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Venture capital has risen to prominence in the last few years, sparked by the rapid evolution of tech, and demand for private cash to fund a constant stream of new innovations. Yet, despite its increased profile, there is still an air of mystery around what is actually involved in being a VC investor.
From the outside, there is a tendency to romanticize VCs, as entrepreneurial saviors, who swoop in, wave their magic wands and decide the fate of hard-working startups. It can also seem like we get the easy side of the deal – sitting back and waiting for the money to roll in, while frazzled entrepreneurs sweat away at the coalface.
We’ve also had our fair share of negative press, most recently due to the lack of diversity in the industry – particularly when it comes to gender. Recent research found that a paltry 1% of VC money goes to female-founded startups, a figure that is unlikely to be helped by the fact that less than 10% of VCs are female.
VC has traditionally been (and predominantly still is) made up of white males in their 40s. Although things are slowly changing, as a wider, more global spectrum of industries undergo tech transformation. Greater diversity amongst entrepreneurs demands a greater diversity of VCs. Plus, encouraging new categories of funds and investors will only lead to better results over time.
Of course, there is no quick fix. But a good start would be for VCs to do more to bust myths around the profession and promote how it really works, to encourage a broader diversity of new entrants. With that in mind, here’s what 20 years’ experience has taught me about what it takes to make it in VC:
- Ability to deal with uncertainty: VC is a game of uncertainty, requiring the confidence to make big decisions with limited information. Your job is to identify great entrepreneurs and businesses, based on a minimal track record and very little data to help you. It’s for this reason that we focus on people as much as ideas, to bet on founders that can cope with whatever obstacles and pivots lie ahead. In many cases, it comes down to gut feel as much as anything – so you need to be comfortable with trusting your instincts.
- Being a mentor and problem-solver: As a VC, your entire success depends on the performance of the entrepreneurs that you invest in, so a big part of your time is focused on helping them do the best job they can. You have to build relationships and trust quickly, in order to spot where the gaps are and plug them as soon as possible. You also spend a lot of time in a mentor capacity, asking the right questions to steer founders towards important decisions, while always balancing this support with ensuring expectations and metrics are met.
- Nurturing and leveraging your network: Entrepreneurs, particularly if they’re first time founders, frequently don’t know where to turn for the advice and expertise they need for different areas of the business. As a result, one of the biggest ways that VCs can add value is through introducing founders to useful contacts, whether that’s potential employees, consultants, partners, or other investors. You, therefore, need to spend time building and honing your network, so that your portfolio companies can tap into it when they need to.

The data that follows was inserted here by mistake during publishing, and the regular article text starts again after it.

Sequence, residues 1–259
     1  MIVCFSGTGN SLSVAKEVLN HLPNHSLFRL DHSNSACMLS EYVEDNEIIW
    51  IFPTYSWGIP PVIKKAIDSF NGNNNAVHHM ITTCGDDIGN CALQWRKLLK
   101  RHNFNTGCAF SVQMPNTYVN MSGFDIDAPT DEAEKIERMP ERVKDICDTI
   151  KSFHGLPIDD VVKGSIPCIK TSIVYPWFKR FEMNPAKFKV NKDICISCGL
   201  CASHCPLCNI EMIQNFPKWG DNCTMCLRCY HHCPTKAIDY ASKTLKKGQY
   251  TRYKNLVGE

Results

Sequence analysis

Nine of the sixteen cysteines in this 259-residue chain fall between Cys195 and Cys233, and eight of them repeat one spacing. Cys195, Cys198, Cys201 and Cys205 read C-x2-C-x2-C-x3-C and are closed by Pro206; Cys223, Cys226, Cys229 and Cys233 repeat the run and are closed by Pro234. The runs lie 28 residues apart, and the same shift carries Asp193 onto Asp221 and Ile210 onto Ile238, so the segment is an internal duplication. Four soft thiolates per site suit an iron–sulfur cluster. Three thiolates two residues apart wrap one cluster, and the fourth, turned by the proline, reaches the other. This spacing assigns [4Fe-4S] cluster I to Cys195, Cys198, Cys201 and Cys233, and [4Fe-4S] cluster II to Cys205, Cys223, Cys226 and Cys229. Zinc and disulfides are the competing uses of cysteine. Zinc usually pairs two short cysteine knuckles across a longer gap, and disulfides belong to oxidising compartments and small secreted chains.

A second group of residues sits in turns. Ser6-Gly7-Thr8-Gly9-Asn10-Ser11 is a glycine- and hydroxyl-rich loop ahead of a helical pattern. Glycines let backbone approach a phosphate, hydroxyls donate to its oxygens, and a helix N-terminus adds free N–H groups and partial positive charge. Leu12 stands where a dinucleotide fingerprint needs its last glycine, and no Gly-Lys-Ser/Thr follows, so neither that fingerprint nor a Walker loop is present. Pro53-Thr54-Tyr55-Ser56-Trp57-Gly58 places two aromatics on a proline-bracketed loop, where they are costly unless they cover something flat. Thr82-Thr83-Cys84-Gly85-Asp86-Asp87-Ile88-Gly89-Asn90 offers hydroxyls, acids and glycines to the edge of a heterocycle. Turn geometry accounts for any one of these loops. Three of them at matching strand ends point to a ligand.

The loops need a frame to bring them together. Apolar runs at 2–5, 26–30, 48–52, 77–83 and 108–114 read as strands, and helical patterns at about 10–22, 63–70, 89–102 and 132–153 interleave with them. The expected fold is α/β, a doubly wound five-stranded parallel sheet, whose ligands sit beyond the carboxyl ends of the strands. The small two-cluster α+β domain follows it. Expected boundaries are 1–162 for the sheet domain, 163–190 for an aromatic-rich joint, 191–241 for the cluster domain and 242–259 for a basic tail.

- Convincing investors: Of course, you can’t build a portfolio without any money, which is where your LPs (Limited Partners) come in. They’re the family offices, foundations, endowments and institutional investors that contribute to your fund, and every three to four years, VCs dedicate a lot of their time and effort to raising their next fund – going through numerous meetings to convince LPs that they’re a good investment.
- Plate spinning: VC is about sourcing, investing, growing and exiting – and you will, at some points, be doing all at once. You have two target audiences: your LPs and your portfolio companies, so you need to make sure you are serving both effectively. Plus, the fact that you’re dealing with fast-growth businesses means you need to be always on. The best VCs go the extra mile for founders, being available, 24/7 as a sounding board or extra pair of hands.
- Ability to work autonomously: VCs are usually managing a large, distributed portfolio, amongst a small team, which means you spend a lot of time working on your own, often while traveling from place-to-place. Meanwhile, your team members are doing the same, but in another part of the world. So, you need to have the knack of working on the move and be happy to collaborate remotely, as face-to-face meetings aren’t always possible.
- Patience and a long-term perspective: Finally, there is no short-term fix in venture capital, so you need to be in it for the long haul. Building good companies takes time – around five to seven years, or even longer – and the industry is flush with risks and potential issues that are constantly threatening to trip you up. It can be hugely exciting at times, but there is a lot of mundane and boring stuff in between those moments. The key is to see the full cycle from entering to exiting, to really understand what it takes.
VC isn’t for everyone. It can be a long old slog, and you definitely need a fair bit of luck along the way. But it can also be hugely rewarding, both financially and emotionally, if you get it right. It’s great when you see startups respond positively to your input and hard work, and know that you’ve contributed to their business success. And with startups and technology evolving faster than ever, we need people from all walks of life, to provide the diversity of perspectives, that is so integral to making that happen.
March 11, 2019 at 10:44AM
Forbes – Entrepreneurs